Four years later, HHS promulgated the 2013 Omnibus Rule (the “Omnibus Rule”), which amended the HIPAA Privacy, Security, Enforcement, and Breach Notification Rules. The Omnibus Rule expanded the third-party directive to include patient requests for copies of medical records stored both in EHRs and on paper. The Omnibus Rule also amended the HIPAA Privacy Rule provision on the “reasonable, cost-based fee” that healthcare providers could assess to patients requesting copies of their medical records. Specifically, the Omnibus Rule stated that healthcare providers could include the labor costs associated with copying medical records electronically or in paper format in the “reasonable, cost-based fee” assessed to patients but could not include the “actual labor costs associated with the retrieval of electronic information,” nor the costs “associated with maintaining systems and recouping capital for data access, storage and infrastructure.” 78 Fed. Reg. at 5,636.
In 2016, HHS published guidance on the patient right of access under HIPAA, which included new guidance on fees assessable to patients for medical record requests. The guidance stated that the “reasonable, cost-based fee” defined by the Omnibus Rule also applies regardless of whether the request was submitted by the patient or by a third party. In addition, the guidance stated the “reasonable, cost-based fee” can only include the labor costs incurred after the requested information has been compiled and is ready to be copied. This meant that the labor costs associated with searching for and retrieving the requested paper medical records could not be included in the “reasonable, cost-based fee.” The guidance went on to state that the “reasonable, cost-based fee” could be determined on a per-request basis or using a fee schedule based on average allowable labor costs, or healthcare providers could simply charge a flat-fee of $6.50 (including labor, postage, and supplies).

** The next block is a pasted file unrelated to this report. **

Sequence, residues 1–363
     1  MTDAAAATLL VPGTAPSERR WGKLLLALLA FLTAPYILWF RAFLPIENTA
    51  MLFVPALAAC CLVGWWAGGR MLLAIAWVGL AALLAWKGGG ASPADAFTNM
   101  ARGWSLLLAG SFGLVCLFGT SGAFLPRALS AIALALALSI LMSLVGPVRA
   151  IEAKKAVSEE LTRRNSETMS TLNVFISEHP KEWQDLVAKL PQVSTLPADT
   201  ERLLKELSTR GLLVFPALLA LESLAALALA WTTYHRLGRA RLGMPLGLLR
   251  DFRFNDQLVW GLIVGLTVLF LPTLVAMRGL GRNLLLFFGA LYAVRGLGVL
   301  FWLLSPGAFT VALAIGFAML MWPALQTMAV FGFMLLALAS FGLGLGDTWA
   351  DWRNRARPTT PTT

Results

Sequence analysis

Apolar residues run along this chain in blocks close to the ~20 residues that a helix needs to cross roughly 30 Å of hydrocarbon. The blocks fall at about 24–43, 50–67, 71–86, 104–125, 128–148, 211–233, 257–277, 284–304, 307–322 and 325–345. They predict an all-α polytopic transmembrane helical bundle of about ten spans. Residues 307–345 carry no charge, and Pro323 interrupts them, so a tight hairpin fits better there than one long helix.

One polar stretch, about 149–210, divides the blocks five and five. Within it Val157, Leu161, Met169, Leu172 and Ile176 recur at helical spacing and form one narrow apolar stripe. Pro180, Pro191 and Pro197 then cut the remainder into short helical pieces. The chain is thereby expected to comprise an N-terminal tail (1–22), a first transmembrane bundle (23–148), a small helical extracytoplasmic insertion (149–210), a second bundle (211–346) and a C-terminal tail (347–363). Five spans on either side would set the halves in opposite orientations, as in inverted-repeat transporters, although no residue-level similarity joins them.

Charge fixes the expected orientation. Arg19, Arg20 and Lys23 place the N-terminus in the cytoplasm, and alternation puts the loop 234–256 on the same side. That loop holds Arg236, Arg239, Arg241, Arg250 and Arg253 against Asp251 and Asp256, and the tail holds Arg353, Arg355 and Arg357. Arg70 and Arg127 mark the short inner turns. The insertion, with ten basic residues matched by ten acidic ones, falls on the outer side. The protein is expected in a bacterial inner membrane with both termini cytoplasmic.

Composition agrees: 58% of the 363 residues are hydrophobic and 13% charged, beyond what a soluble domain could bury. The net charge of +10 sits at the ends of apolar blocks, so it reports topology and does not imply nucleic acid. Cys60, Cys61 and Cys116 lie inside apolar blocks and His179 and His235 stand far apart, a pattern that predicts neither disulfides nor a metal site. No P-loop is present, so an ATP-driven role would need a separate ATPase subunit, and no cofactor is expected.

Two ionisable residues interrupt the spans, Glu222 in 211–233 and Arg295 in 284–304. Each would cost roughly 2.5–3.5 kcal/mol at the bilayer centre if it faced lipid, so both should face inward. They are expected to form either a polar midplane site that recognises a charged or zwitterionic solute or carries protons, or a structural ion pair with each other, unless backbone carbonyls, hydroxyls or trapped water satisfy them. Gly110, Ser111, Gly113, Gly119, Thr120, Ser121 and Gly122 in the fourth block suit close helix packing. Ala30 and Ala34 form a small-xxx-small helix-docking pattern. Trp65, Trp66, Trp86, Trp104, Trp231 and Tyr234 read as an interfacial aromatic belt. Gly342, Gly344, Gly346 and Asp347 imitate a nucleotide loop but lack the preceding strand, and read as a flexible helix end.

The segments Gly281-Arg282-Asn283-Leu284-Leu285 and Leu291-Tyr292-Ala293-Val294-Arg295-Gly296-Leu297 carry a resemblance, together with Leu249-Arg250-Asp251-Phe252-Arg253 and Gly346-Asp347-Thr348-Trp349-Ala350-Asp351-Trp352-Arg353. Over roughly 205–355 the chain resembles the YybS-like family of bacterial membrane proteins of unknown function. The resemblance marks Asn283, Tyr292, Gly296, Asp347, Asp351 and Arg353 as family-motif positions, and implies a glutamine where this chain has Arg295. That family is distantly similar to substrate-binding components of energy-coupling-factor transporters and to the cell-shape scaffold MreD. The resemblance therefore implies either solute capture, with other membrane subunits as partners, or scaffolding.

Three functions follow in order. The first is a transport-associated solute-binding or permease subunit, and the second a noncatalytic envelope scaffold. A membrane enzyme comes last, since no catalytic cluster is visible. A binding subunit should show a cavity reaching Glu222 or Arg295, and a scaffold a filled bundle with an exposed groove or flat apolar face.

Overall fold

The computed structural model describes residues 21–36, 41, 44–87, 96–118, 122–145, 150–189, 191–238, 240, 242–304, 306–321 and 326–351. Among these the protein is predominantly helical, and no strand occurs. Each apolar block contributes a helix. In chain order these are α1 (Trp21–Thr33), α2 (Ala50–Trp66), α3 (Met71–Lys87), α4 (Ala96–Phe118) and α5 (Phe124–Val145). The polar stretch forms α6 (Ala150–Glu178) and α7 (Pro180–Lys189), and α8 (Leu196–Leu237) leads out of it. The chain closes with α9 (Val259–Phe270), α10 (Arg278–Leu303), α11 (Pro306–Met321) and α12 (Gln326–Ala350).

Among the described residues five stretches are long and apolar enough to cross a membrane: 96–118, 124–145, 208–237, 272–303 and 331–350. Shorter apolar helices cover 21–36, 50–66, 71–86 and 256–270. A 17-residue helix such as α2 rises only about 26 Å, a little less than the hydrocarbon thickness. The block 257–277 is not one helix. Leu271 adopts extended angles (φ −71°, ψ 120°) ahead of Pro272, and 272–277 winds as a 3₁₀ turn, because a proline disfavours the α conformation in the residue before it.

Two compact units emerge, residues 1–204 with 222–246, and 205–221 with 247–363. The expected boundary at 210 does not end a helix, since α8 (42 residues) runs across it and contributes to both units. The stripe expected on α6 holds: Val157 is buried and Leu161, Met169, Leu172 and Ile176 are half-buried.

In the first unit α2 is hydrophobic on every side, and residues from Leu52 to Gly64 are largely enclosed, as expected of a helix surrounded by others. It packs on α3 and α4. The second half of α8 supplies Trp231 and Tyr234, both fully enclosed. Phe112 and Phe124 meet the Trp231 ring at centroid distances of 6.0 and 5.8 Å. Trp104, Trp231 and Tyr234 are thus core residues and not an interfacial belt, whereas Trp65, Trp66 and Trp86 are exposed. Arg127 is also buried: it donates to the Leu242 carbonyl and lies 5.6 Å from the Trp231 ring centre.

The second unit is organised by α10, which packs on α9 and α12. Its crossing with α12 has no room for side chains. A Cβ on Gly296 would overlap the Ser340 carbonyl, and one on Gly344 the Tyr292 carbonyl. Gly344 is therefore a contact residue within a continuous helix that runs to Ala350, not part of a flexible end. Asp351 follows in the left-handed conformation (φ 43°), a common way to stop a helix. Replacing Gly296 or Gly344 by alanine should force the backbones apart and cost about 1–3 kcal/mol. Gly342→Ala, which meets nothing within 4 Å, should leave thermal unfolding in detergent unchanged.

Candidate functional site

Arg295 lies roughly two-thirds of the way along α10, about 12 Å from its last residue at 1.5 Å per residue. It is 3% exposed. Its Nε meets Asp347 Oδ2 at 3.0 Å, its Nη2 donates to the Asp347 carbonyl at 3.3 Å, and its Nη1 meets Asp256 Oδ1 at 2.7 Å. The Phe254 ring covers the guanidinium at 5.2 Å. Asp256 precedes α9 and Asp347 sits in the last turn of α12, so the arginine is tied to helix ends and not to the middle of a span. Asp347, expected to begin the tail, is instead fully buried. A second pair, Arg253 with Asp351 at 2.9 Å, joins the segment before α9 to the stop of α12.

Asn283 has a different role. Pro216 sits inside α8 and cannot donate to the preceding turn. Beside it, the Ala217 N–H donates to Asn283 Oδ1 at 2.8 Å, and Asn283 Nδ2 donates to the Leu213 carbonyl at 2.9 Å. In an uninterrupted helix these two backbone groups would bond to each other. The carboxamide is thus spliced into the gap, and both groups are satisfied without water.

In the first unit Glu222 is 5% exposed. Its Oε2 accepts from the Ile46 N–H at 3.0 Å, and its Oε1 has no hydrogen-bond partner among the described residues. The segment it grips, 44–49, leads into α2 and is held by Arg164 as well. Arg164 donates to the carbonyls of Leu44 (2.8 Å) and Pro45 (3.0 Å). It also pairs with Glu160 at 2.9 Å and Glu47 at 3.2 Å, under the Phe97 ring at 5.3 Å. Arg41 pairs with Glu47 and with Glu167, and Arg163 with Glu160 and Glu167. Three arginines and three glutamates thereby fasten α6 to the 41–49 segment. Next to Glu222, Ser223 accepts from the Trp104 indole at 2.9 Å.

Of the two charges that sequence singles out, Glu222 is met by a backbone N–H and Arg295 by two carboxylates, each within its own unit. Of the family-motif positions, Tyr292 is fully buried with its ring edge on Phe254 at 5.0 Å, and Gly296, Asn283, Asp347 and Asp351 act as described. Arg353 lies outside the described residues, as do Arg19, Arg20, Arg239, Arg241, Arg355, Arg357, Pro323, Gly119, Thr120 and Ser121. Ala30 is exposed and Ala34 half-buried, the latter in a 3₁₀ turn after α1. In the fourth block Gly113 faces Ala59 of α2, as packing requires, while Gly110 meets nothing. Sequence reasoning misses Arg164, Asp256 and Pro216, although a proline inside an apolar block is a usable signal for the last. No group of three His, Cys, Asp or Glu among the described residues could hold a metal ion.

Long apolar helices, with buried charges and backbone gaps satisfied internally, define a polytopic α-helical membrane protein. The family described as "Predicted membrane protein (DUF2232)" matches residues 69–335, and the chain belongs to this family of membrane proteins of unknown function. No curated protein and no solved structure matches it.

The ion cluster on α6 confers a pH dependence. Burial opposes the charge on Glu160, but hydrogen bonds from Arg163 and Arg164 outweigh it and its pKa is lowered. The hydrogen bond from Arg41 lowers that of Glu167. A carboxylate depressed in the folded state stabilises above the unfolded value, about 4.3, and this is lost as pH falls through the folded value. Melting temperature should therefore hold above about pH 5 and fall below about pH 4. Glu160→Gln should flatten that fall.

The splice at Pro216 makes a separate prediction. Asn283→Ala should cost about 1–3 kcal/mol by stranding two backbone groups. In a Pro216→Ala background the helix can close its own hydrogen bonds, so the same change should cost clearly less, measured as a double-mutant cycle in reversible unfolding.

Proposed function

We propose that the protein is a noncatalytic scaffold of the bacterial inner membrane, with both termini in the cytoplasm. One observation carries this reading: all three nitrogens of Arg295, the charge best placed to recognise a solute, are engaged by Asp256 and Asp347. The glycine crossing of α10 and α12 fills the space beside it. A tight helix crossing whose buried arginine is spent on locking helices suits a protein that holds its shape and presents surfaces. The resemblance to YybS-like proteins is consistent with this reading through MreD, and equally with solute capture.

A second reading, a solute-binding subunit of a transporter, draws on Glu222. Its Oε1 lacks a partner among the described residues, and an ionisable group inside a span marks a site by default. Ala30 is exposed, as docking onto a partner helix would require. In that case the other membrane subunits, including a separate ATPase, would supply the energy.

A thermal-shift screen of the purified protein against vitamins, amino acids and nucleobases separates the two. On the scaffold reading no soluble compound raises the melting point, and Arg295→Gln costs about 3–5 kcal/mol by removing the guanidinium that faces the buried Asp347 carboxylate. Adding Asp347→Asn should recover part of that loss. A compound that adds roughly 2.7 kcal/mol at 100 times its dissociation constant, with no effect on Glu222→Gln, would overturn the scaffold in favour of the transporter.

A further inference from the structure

Shortly after its publication, HHS began investigating covered entities and their business associates for alleged violations of the 2016 guidance.
Impact of Omnibus Rule and 2016 HHS Guidance on Fees for Copies of Medical Records